There are questions, from the public, after the body of a woman was recovered from a septic tank at Changangkha, Thimphu last week. From the feedback, it seems a lot of people were shaken by the brutality of the crime and how it was concealed for years.
What is surprising is there seems to be an information blackout on the case. Police, thromde officials and those who are aware of the alleged murder are either not talking to media or have instructed those with information to not talk to media. Everybody (those with information) is obedient which is not helping anyone.
Our interest in the story is not to sensationalise it. It is a news story and in Bhutan, crime stories sell. However, our interest is not to publicise the story to get the attention of readers, but the moral responsibility. From a media point of view, covering up the alleged crime is a crime in itself. We cover, not cover up, crime. If what is known so far is true, it is a heinous crime- a scene straight from a movie or an episode from the popular TV serials bombarding Bhutanese homes.
Hiding information will not help anyone. It will only fuel speculation. And it has with many questioning why it has remained so silent even with the parents of the deceased complaining to police. Had it not been for the thromde service people who found the remains of the decomposed body, the case would have been dead with the woman – a mother of three. There will be no justice for her parents, children and those who knew about it would have lost faith and trust in our authorities.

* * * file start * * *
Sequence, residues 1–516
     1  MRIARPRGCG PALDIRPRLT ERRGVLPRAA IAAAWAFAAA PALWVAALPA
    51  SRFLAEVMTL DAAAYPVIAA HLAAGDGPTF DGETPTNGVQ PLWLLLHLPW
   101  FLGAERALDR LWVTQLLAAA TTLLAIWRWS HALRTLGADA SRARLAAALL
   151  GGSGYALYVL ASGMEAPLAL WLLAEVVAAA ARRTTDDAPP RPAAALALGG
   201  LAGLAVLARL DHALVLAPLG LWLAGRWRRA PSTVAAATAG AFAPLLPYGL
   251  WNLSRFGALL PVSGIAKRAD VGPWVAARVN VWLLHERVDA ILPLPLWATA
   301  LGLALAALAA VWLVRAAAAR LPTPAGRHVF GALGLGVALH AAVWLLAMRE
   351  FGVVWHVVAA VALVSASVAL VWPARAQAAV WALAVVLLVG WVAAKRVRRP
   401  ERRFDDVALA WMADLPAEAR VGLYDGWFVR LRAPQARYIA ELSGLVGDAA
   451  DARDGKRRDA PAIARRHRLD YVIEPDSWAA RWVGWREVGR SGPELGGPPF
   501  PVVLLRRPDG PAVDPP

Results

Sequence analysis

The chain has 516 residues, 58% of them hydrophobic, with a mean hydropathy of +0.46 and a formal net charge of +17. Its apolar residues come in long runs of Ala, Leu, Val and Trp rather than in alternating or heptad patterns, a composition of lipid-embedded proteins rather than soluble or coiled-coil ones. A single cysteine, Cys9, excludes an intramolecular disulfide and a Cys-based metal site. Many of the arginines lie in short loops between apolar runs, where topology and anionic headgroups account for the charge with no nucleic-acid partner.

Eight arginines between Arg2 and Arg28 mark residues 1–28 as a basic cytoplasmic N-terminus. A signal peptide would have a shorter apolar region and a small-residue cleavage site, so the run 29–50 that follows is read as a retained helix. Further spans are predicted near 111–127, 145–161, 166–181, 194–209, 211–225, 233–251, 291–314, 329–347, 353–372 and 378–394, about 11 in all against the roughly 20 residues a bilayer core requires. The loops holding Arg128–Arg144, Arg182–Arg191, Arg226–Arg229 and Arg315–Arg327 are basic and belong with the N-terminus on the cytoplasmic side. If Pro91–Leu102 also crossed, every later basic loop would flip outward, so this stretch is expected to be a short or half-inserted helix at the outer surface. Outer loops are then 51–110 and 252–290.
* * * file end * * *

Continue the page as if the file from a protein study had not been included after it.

Police have arrested the husband for investigation. We will see, hopefully, what comes out of the investigation. Again, our interest is not in punishing the husband convicted or acquitted. We are after transparency which has long been pronounced as a national priority. As a society, we could learn so many lessons from the incident. There are issues of domestic violence, poverty and above all, justice. Closing the door to information will not help anyone and sweeping it under the carpet is impossible.
There are many questions starting from why the employers didn’t take it up and follow it up with the police to how can a mother go missing suddenly without any trace. It even brings home the more painful fact that we see gruesome crimes whether it is rape of minor or murder every now and then and not see justice.
Even as we report another crime, many are still wondering who killed the eight-year girl in Paro three years ago or the nine- year old girl who was found dead by a stream below Dechenphug, Thimphu. If we are not reminded, even gruesome crimes like murders would be buried with the passage of time. There is public interest in what is being done because it matters to all. There is no way we can hide it.